Gig Review: The Hold Steady, Sheffield Leadmill, 21st February 2007

To say that I was looking forward to this gig would be an understatement. Having missed last week’s Manchester gig due to an unforseen international call up by my employers, and having heard how great that gig was from various reliable sources, not to mention the fact that The Hold Steady have released three of my favourite albums of the last few years, I was positively salivating at the thought of finally seeing and hearing them in the flesh. For the week beforehand I became more and more obsessed with the band; Separation Sunday was welded into my car CD player, I bashed out the riffs to “Stuck Between Stations”, “Banging Camp” and “Your Little Hoodrat Friend” endlessly on my Telecaster with the amp turned up to, er, 4. These great great songs played over and over in my head as I tired to get to sleep at night. It’s been years since I anticipated a gig quite so feverishly, the Arcade Fire gigs in a couple of weeks don’t even come close. Surely I was setting myself up for a major disappointment.

The Leadmill is a great venue, much better than Manchester’s Club Academy, but we arrived to find the main stage cordoned off and another stage set up in the cosy environs of the bar area. The two support bands both played rock ‘n’ roll. The Checks, from New Zealand, were uninspiring, playing what sounded like a bunch of Rolling Stones cast offs and one song which was slightly better and sounded like The Strokes, while The New York Fund, from London with a Glaswegian singer, were bottom of the bill but much better, with a more subtle sound leaning towards Americana.

I realised within seconds of The Hold Steady launching into their opening track, “Stuck Between Stations”, that this gig was going to more than live up to expectations. Whether or not this was a reaction to the fact that this long-awaited gig had finally started, and with such a great song, I don’t know, but I soon became hypnotised by the magnetic presence of frontman Craig Finn. Bearded and much shorter than I’d expected, Finn was right in our faces, leaning over us, inches away, regularly showering us with drops of spittle, living every line of the songs, having the time of his life. After each line he’d repeat the same line off mic so that only the few of us close enough could hear. At other times he clapped along like an excited little kid. He worked the front of the stage, staring people straight in the eye until a connection was made but never lingering long enough to appear intimidating. And behind him, all the while, his band played a blinder, laying into their instruments with broad smiles on their faces and with the same enthusiasm as their singer. He called them the greatest rock ‘n’ roll band in the world – nobody there could disagree – and said that all he did was talk shit over the top. It’s the shit he half-sings over the top that makes the band so special; the druggy narratives, the recurring characters and locations: Holly, Gideon and Charlemagne; Penetration Park, Ybor City, the banks of the Mississippi River; the killer parties, the songs scratched into your soul. They were all there on the night, it was Springsteen shot through with the wasted spirit of The Replacements.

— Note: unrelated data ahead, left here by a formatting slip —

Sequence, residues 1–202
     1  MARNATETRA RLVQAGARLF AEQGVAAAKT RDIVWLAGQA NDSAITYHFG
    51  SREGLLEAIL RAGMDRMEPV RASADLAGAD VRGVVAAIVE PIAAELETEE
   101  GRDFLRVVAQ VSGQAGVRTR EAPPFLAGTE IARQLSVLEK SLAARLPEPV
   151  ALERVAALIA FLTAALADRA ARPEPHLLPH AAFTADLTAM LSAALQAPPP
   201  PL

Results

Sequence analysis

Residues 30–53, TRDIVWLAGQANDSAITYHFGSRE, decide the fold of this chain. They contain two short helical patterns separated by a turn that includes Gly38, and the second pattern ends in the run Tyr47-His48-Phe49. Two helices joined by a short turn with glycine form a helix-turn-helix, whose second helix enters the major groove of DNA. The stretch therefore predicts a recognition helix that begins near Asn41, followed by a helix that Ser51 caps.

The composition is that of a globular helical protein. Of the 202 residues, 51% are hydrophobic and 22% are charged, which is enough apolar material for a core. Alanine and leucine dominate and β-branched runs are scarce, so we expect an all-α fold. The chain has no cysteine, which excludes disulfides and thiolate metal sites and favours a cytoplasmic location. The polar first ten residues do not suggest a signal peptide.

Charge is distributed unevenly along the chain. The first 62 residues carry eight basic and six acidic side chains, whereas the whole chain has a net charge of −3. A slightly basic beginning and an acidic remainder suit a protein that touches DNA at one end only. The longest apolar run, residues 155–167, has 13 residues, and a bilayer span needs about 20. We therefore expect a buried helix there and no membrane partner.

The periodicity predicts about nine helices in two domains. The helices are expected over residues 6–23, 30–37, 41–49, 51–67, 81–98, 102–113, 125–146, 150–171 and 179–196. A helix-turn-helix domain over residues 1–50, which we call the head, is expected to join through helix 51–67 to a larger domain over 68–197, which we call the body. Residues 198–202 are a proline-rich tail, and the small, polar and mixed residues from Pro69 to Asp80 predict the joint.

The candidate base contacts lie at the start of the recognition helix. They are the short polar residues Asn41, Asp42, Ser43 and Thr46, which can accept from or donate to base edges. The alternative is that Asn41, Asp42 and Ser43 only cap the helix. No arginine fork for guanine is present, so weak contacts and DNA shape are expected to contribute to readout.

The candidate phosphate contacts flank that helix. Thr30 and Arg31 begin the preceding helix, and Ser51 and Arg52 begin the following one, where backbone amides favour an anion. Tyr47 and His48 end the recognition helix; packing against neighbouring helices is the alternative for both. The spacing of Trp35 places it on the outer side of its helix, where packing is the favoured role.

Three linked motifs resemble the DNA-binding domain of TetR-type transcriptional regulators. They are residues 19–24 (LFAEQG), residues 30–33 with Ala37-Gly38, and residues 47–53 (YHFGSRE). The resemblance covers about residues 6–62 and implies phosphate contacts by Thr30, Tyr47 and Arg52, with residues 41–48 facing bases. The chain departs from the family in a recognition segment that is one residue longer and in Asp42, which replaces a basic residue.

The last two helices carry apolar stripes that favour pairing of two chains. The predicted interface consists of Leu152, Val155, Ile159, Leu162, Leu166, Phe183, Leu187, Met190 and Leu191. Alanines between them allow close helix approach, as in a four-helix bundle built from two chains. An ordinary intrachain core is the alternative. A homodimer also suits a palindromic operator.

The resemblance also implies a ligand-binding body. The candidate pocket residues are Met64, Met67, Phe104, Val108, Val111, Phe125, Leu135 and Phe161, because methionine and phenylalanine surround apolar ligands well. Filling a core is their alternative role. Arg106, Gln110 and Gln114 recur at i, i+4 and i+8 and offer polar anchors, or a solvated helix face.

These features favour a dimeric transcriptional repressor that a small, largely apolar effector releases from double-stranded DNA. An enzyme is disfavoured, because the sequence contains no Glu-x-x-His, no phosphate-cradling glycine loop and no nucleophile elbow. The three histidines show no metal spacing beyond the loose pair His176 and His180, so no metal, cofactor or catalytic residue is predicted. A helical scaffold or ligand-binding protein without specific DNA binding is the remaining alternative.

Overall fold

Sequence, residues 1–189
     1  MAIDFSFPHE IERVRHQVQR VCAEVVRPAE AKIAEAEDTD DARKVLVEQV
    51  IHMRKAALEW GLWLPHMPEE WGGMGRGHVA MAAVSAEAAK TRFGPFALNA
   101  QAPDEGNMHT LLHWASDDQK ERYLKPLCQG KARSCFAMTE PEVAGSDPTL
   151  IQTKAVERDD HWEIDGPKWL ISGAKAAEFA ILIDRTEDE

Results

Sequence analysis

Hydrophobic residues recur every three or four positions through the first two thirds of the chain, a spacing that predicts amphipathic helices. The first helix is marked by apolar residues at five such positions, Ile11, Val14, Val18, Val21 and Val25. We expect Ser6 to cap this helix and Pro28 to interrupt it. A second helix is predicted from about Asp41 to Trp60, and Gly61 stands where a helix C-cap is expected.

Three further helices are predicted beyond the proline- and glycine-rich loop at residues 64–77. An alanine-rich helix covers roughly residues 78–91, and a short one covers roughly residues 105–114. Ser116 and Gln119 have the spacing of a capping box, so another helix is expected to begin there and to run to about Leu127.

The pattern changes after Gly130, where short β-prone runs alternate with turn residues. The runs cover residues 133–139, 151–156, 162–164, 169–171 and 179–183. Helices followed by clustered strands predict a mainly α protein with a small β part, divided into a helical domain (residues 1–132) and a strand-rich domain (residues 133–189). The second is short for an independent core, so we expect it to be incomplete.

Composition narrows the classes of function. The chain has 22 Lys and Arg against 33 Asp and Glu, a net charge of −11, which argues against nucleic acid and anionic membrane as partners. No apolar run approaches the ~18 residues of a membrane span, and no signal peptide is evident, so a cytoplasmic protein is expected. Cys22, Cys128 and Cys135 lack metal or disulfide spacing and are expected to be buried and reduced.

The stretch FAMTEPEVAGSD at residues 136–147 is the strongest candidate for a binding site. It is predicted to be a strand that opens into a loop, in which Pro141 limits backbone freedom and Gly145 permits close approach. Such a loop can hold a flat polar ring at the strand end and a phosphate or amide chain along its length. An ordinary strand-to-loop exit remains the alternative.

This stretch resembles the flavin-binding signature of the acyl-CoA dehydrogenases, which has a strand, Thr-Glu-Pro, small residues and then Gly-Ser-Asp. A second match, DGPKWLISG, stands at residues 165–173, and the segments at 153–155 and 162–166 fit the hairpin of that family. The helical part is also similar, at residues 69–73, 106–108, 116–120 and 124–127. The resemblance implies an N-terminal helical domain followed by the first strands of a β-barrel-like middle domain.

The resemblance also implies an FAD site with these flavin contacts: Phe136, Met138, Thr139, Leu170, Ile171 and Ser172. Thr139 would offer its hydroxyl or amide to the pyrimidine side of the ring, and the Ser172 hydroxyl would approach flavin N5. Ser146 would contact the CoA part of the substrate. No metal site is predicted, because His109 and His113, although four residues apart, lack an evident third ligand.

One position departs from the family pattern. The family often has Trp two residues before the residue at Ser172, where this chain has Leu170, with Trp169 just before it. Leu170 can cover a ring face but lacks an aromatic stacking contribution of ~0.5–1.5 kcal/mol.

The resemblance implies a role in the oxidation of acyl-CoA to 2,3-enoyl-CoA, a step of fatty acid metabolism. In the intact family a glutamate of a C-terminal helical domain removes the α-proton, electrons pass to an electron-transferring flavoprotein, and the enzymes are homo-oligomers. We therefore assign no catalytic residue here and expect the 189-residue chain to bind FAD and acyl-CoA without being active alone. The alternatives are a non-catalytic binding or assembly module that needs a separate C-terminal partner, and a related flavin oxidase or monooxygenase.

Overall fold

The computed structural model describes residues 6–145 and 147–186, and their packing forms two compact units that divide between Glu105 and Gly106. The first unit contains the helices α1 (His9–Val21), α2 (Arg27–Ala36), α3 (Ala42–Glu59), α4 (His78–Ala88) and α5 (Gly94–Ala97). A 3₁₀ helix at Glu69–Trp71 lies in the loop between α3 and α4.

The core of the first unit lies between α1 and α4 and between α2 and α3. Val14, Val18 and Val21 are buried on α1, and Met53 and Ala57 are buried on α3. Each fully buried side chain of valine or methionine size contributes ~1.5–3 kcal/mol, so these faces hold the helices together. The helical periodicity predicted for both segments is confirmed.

The set was mostly Boys And Girls In America material along with “Stevie Nix”, “Hoodrat” and “Multitude Of Casualties” from Separation Sunday. It seems they did a better set than this on every other night of the tour but it didn’t matter one bit as the experience was a celebration of life, of music, and of being in the bar at Sheffield Leadmill on 21st February 2007. After the raucous singalong of “Southtown Girls” had seen out the main set and a drunken Finn had almost done himself a serious injury falling off the side of the stage, they returned and finally calmed things down with a beautiful rendition of “First Night” before playing “Girls Like Status”, a Boys And Girls outtake but easily worthy of inclusion on that album.

During the closing “Killer Parties” Finn began to grab hands and haul people up onto the stage with the band. One punter, who looked like he’d just stepped off the golf course, had already taken Tad Kubler’s guitar and seemed to know what he was doing while Kubler settled for playing harmonica. First JustHipper and then myself were pulled up on stage by Finn and about 15 of us stood with the band, jumping up and down in celebration, while Finn stood in the crowd, singing and evangelising about how music has the power to bring people together and how we, the audience, are just as important as the band and that we are all The Hold Steady. When the song finished audience and band members shook hands, embraced, as if the final whistle had blown and we’d won the cup. We left elated with expectations exceeded on a night I don’t think I’ll ever forget.

The Hold Steady – Girls Like Status

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